There is an old story about how the human family first became divided. In the scriptures common to Judaism, Islam and Christianity it is known as "the Tower of Babel."
According to this story, the citizens of the city of Babel decided to compete with God/Allah, to be more divine themselves. They concluded that they needed to go up, a challenge in a flat part of the world! So they used their best engineers to build an immense tower.
According to the story, God decided that the Babylonians should not abuse their power, and so confused them by making them speak different languages.
Seemingly, with today’s modern communications and travel, it appears that we are overcoming this method of dividing us. And English (conveniently enough for us!) has become the language of choice.
Despite our cleverness, though, our human family is still divided. Today’s divisions are more about defining words such as "peace" differently. "Peace" can be "won" by conquering the "other" through words and bombs. Alternatively, "peace" can be mutually created through equality, justice and the fulfillment of basic human needs. How words are defined, and used, divides us.
Beliefs are at the root of such divisions. Winning over others to my "side," that I am right and you are not, is found in many forms: fundamentalist religion, "might is right," "the economy above all else," competitiveness over cooperation, ideologies, and other forms of self-righteousness.
Reflecting on this, our Creator must be experiencing some de’ ja vous. Back then, when humans tried to replace the divine Spirit with their own egos, the project utterly failed. Is not our attempt to biologically re-engineer our foods, change our biosphere through pollution, carbon-emissions, chemical releases and deforestation, etc. looking like the same play, just a different act?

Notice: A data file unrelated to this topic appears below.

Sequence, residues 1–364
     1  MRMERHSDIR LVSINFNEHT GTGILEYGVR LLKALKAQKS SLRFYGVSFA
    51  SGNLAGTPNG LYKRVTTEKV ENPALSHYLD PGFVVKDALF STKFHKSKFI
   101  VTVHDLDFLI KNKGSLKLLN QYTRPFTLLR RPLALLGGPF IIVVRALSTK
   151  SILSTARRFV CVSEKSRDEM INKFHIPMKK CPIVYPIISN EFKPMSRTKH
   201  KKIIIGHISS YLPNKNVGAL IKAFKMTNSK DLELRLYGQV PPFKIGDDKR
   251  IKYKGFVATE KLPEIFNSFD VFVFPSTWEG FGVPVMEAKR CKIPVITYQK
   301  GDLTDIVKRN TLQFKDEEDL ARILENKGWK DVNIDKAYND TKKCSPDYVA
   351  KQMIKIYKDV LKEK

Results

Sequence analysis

Perhaps the difference now is that we realise we will fail at this experiment. We know that unless we co-operate with the planet and each other in a sustainable life-affirming way, we will not only be divided – we will also perish.
Thus it is marvelous that out of the ashes of a dying, ego-driven competitiveness that seeks to usurp the natural order, we see all kinds of ways in which the human family is seeking to re-unite in a more truly spiritual way.
As Richard Heinberg, the author of The Party’s Over and Powerdown (New Society, 2003, 2004) suggested, an alternative infrastructure is needed. "It has been clear for at least 30 years what characteristics this should have: organic, small-scale, local, convivial, co-operative, slower paced, human-oriented (rather than machine-oriented), agrarian, diverse, democratic, culturally rich, and ecologically sustainable."
Such an approach cannot be accomplished alone. In order to move forward into a hopeful future, we must draw together and use both our individual skills, drive and faith, as well as our collective interdependence and consciousness.
It is this sense of community that empowers us to move beyond the despair that pervades our society. When we feel that we belong – something ideally first learned in our families – then amazing things happen. It was this sense of family that turned Ghandi’s ideas and vision into a movement that shook the world’s pre-eminent empire to its roots.
This principal is not meant to "defeat" anything. It is, at its core, a positive, life-affirming energy that is able to gently yet powerfully move people and systems to a more mutual, organic and sustainable level of functioning. The skills and gifts of us all are thus affirmed. Our family is not complete without each other.
And our common language is called ‘love-in-action.’
Ian Gartshore is a therapist, minister, volunteer with a non-profit energy conservation organisation, www.esvi.ca, and an enthusiastic human being.